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Will Taxpayers Ever See a Return?

As the government pledged an additional $30 billion to General Motors (GMGMQ), President Barack Obama declared the country "reluctant shareholders" in the carmaker. Reluctant may be an understatement.

The recent move brings Uncle Sam's total outlay in GM to $50 billion. If the company emerges from bankruptcy as planned in 60 to 90 days, the government will own roughly 60% and hold $8.8 billion of its debt. For taxpayers just to break even, the market value of GM will have to hit $69 billion, roughly the same as McDonald's (MCD) or ConocoPhillips today. "If you want to call it an investment, you'd have to call it highly speculative," says Kurt Brouwer, a financial adviser in Tiburon, Calif.

Taxpayers may not see a return on GM for quite a while. The market valued GM at less than $500 million on May 29, just days before it filed for Chapter 11. The U.S. has bigger concerns than its investment gains, but in a background briefing before GM's filing, one Administration official said: "I don't know how much we're going to recover. We hope to recover as much as we can."

AIG Breaks New Ground, Investing in 'Death Bonds'

American International Group (AIG), the insurer that's fighting for its life, may be the first major financial firm to sell a "death bond" to investors.

Wall Street firms have been salivating over so-called life settlements for years. Under such arrangements, people sell their life insurance policies to financial firms that pay the premiums and collect the payouts. The idea was to bundle the policies into exotic securities, reaping huge fees from the death bonds. After the credit crisis, the plans got shelved.

But AIG recently packaged policies into a bond worth $2 billion, the largest investment backed by life settlements. For now, AIG is keeping the bonds on its books, rather than selling them. Says an AIG spokesman in a written statement: "The [securities] are an attractive asset class because their performance is not correlated to credit or real estate markets and the [bonds] pay an attractive coupon."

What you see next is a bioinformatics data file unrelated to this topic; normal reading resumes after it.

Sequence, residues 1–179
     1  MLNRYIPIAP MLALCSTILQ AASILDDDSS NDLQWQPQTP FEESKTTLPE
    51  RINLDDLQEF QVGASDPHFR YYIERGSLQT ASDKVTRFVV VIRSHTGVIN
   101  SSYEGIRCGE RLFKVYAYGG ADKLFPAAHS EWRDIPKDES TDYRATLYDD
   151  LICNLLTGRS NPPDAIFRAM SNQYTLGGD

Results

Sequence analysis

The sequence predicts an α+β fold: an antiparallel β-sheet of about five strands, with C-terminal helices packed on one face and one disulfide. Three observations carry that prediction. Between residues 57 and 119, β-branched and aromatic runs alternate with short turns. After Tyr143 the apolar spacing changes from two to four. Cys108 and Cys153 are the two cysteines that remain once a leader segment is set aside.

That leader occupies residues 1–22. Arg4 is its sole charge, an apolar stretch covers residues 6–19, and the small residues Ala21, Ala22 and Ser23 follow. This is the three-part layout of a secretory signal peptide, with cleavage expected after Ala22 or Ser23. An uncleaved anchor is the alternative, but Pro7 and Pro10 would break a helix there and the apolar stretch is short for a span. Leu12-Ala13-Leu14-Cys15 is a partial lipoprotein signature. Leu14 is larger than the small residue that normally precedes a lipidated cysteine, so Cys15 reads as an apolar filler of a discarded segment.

Home Depot Fights Credit-Card Fees

Borrowers aren't the only ones reeling from high credit-card fees. Retailer Home Depot (HD) claims to spend more on interchange fees—the tab paid by retailers to credit-card companies each time a customer pays with plastic—than it does on health care. At a payments conference held by the Chicago Federal Reserve in May, Home Depot executives said such costs have jumped 16% in the past couple of years while total purchases have only increased by 10%.

Home Depot, like other retailers, is pushing U.S. regulators to follow Australia's lead. In 2003 the country's central bank forced credit-card companies to lower the interchange rates to 0.5%, down from more than 1%. The move, says Home Depot, would translate into more jobs: By lowering the fees, the company estimates it could hire an additional 10 employees per store. "Our interchange fees are our third-largest cost, behind rent and salary," Dwaine Kimmet, Home Depot's vice-president for financial services, said at the conference. "If card acceptance costs were lower, Home Depot might pass some of those savings to shoppers."

New Stock Issues: The Great Market Leveler

Pensions and hedge funds have plowed about $200 billion into stocks over the past few months to rebalance their portfolios and put cash to work, according to Trim Tabs Investment Research. That's a big reason why the market has jumped 39% from its 13-year low on Mar. 9 (chart, right). But the rally may be on its last legs.

Why? The bulk of new money isn't going to buy existing shares but to purchase newly issued stock. Companies, including a number of big banks, have issued $88 billion of shares since March. Trim Tabs CEO Charles Biderman figures the amount will top $125 billion by the end of the quarter, the highest three-month tally in recent history. Says Biderman: More companies will need to issue new shares "as long as the economy keeps slumping."


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